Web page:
Manchester United has confirmed plans for improvements to Old Trafford’s provision for disabled supporters, following consultation with the Equality and Human Rights Commission (EHRC) and Manchester United Disabled Supporters’ Association (MUDSA).
The club spoke to a number of architects and undertook a thorough examination of dozens of options to increase the capacity for disabled supporters within the stadium, in line with the Accessible Stadia guide, and engaged with a large number of stakeholders to ensure the best possible outcome.
The significant structural work will accommodate over 300 new positions for disabled supporters, including the installation of new wheelchair user platforms, the widening of vomitories, and new amenity seats for other disabled supporters.
All structural work will be completed ahead of the 2017/2018 campaign, allowing all the new accessible facilities to be used immediately for friendlies and cup games not included in the automatic cup scheme.
However, the changes will displace some 2,600 season ticket holders, so the club has developed a three-year phased program of relocating fans from their current seats, in order to allow time to find suitable alternative seats, with around 800 fans being relocated for the 2017/2018 season.
To enable this phased approach, the structural design will incorporate state-of-the-art reversible platforms and, from next season, 100 of the 300 new positions created will be used for Premier League and some cup games.
The club has devised a goodwill package for supporters who will need to be relocated, in recognition of the inconvenience and disappointment that moving seats causes. This includes covering any difference in cost (if seats cannot be found in an equivalently priced area) and free cup tickets for all ties played at Old Trafford for a year.
Speaking of the changes, Manchester United’s group managing director, Richard Arnold, commented, “Old Trafford is a home for all United fans and these changes will help many more of our loyal disabled supporters to attend games to watch their heroes. Manchester United prides itself on its work in this area for more than 25 years, and will continue to ensure that it remains at the forefront of our thinking.
In recent years, the club has introduced designated areas where wheelchair users can sit alongside friends and family, was one of the first in the country to install a Changing Places facility, while our Ability Suite remains the best accessibility lounge in any UK sports stadium, over a decade after its initial introduction.
“We have worked openly and continuously for over a year with the EHRC, MUDSA, architects, and a significant number of stakeholders, including Level Playing Field, supporters’ groups and the club’s Fans’ Forum, to make sure that these improvements take into consideration all affected fans. It is also the fastest way to implement the changes and minimizes the number of season ticket holders that will have to be moved.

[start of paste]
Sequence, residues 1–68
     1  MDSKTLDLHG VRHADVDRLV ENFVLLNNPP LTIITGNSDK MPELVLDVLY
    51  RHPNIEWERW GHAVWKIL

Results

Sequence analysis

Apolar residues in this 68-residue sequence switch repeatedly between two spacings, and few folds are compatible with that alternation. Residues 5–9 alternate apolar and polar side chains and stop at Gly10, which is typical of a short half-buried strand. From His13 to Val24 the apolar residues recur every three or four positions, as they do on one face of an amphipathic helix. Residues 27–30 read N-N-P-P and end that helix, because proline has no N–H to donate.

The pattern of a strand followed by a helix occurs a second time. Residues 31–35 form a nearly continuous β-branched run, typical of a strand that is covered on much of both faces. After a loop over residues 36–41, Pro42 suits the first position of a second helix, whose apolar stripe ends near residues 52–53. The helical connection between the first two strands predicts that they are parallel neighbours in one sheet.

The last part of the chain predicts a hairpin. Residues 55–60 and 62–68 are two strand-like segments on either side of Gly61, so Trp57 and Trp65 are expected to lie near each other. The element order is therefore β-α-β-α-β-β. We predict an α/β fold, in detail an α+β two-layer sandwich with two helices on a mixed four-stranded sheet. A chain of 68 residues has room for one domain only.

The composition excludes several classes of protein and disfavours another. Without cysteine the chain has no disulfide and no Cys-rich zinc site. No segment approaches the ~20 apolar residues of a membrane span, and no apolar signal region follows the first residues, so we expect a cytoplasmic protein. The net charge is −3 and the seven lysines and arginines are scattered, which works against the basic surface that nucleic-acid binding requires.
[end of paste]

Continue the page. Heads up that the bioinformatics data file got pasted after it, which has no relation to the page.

“We know that many of the affected season ticket holders have held their seats for decades and it will be a sacrifice to give them up. But we also know that the vast majority will understand and support this expansion. We are committed to finding a new home for every Season Ticket holder, either in an equivalent area, or if they choose a better seat our goodwill package will ensure they pay no more in the first season for having to move.
“We recognize how unsettling it can be for fans to move, not least because of the communities that develop within the stadium over many years and so we are giving fans the chance to try and relocate groups of season ticket holders together, in order to find the best possible solution for everybody.
“We have a unique situation at Old Trafford in that we have some 55,000 season ticket holders and enjoy sell-out crowds for every game, and the number of seats that become available each summer is very small. This makes moving large numbers of fans to similar seats within the stadium impossible in a short space of time.”
Chas Banks, secretary of MUDSA, welcomed the changes: “I’m filled with pride that the club I’ve supported since first coming to Old Trafford as a little boy in 1957, is leading the way in increasing accessible seating to meet the standards set out in the Accessible Stadia guide. It’s a dream come true for me and many other disabled United fans.
“This is a huge task and it can’t be completed overnight. However, it will be completed faster than most believed possible. More importantly, this expansion is the beginning of a process, not the end. Manchester United is constantly looking to improve in every area and I’m confident they will apply that same ambition toward their disabled fans.
“Finally, on behalf of all the disabled members, I’d like to send my sincere thanks to all of our fellow fans who have to move to allow this expansion to happen. Without your cooperation, our dream couldn’t come true and we thank you for your help and patience.”
January 25, 2017